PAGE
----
Heath Screening Q&A With Dr Grace Tan
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Everyone knows that health screening is essential - but don't exactly know what it entails ("I'm just going to get a full body check, right?"), what the results mean, and when exactly are they due for a health screening.
Today at Melissa Teo Surgery, we ask some of the common questions that you may have regarding health screenings and what the results may mean. If you have further questions, feel free to leave a comment and either Dr Grace Tan or Dr Melissa Teo will get back to you!
1. I’m in my 30’s. Should I go for a health screening if I don’t have any symptoms?
Health screening helps to detect diseases early when you may not have any symptoms. Treatment and good control of medical conditions help to reduce complications that may occur if the disease continues.
Men and women are recommended to be screened for obesity and high blood pressure after 18 years old and checked for high cholesterol and diabetes from 40 years and above.
Women should be screened for cervical cancer if they are sexually active, and for breast cancer from 40 years old. At age 30, women should start to perform Breast Self-Examination (BSE), which can help women detect changes in their breast.
Lastly, colonoscopy screening for colorectal cancer is advised at 50 years old for both men and women.
2. What does the kidney function test show? If my kidney is bad, does it mean that I must go for a surgery?
The test looks at the performance of your kidneys by analysing the levels of salts and waste products in your blood. If it is abnormal, there can be many reasons for it - our doctors might need to perform further tests to determine the cause. Rest assured that it is unlikely that you will require surgery for an abnormal kidney function test.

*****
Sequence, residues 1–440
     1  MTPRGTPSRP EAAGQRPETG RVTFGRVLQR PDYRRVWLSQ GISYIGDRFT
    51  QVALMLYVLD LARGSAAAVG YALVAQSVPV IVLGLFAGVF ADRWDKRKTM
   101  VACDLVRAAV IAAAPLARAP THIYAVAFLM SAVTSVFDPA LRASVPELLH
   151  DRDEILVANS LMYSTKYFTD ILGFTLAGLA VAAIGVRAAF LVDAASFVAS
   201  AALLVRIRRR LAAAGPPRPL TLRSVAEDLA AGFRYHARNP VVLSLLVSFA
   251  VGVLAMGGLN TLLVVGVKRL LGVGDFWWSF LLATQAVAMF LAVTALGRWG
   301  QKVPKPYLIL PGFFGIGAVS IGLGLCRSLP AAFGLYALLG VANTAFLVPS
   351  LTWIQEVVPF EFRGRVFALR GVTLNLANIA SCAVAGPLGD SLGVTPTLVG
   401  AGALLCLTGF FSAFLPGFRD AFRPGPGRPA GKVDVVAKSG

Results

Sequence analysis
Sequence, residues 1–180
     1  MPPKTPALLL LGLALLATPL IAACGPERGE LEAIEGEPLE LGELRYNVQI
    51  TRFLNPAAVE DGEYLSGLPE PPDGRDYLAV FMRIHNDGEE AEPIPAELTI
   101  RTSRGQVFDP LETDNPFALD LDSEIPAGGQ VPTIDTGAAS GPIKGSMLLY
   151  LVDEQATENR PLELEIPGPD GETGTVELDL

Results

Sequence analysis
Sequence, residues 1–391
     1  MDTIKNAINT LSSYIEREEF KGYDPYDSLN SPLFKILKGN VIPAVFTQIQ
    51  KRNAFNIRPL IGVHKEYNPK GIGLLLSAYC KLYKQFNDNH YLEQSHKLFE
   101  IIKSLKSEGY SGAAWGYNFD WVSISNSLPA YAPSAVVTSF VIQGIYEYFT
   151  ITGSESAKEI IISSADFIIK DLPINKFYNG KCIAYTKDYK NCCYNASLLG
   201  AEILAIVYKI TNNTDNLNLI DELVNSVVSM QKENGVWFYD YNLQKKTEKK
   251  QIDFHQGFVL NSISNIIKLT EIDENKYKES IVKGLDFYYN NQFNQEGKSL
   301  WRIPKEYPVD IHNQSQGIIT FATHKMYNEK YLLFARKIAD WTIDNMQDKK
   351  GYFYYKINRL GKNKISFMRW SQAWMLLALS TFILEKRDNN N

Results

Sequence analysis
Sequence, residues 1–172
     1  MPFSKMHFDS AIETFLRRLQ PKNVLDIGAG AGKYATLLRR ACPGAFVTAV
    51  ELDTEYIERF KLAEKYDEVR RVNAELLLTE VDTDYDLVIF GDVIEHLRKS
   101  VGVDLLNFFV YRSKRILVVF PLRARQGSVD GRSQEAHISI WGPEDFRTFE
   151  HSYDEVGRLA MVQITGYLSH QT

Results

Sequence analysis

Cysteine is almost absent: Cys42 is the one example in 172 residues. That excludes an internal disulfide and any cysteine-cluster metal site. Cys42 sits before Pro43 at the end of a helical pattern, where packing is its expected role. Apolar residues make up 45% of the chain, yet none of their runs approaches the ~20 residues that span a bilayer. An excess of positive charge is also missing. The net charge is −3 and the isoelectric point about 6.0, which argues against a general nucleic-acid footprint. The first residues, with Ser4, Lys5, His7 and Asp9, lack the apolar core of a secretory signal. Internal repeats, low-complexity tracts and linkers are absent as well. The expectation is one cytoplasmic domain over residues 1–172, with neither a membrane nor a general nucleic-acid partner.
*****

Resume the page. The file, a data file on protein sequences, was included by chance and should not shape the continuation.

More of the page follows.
3. What about the liver function test (LFT)? What are the consequences if my results are undesirable?
This test looks at the performance of your liver by studying the levels of liver enzymes and bilirubin. The most common reason for an abnormal LFT is a fatty liver due to dietary intake. Depending on the degree of abnormality and based on the breakdown of the individual factors in the LFT, our doctors will be able to determine the most likely cause of your abnormal test.
5. What is the difference between a liver function test, and a Liver (AFP) Test? Are they the same?
As mentioned above, a Liver Function Test looks at the liver enzymes and bilirubin, which determines the health of the liver. On the other hand, AFP stands for alpha-fetoprotein. High levels of AFP can be a sign of liver cancer or cancer of the ovaries or testicles. AFP can also be high in non-cancerous liver diseases such as cirrhosis. It is important to remember that high AFP levels do not always mean cancer, but normal levels also do not rule out cancer.
4. What is HbA1c?
HbA1c refers to haemoglobin A1c and measures the amount of blood sugar attached to the haemoglobin, which is the part of your red blood cells that carries oxygen. As red blood cells typically live for about 3 months, the HbA1c test allows doctors to know how much sugar was attached to your haemoglobin over that period. It is a better gauge of the average sugar in your body. If your HbA1c levels are high, it may be a sign of diabetes. Knowing if you suffer from diabetes is important, as early discovery can allow our doctors to start you on treatment as soon as possible to reduce the effects of the disease.
6. What happens if my thyroid function test (TFT) results are bad?
The thyroid function test, as its name suggests, looks at the function of the thyroid gland. The thyroid gland is a butterfly-shaped gland located in the front of your neck. It produces hormones which are important for the body to utilise energy, keep warm and allow many of our organs to work well. If your TFTs are abnormal, it is usually either be due to an over- or under-functioning gland. Depending on the degree of irregularity, our doctors will advise you if you need to proceed with an ultrasound thyroid, and if you require treatment.
7. Why are there two different thyroid tests – one of them is a blood test, and another an ultrasound? Am I advised to go for both? What can the ultrasound show that the blood test cannot detect?
The ultrasound is a scan of the thyroid and inspects for growths within the thyroid. You may be required to undergo an ultrasound if you have an abnormal thyroid function test (TFT), as growths within the thyroid may be the cause of the abnormal tests.
Did we answer all of your questions? Stay tuned to the next article where Dr Grace Tan tackles more questions relating to gastroscopy, colonoscopy, mammograms and more!
Leave a comment down below if you have further queries about the process, or the various components of health screenings.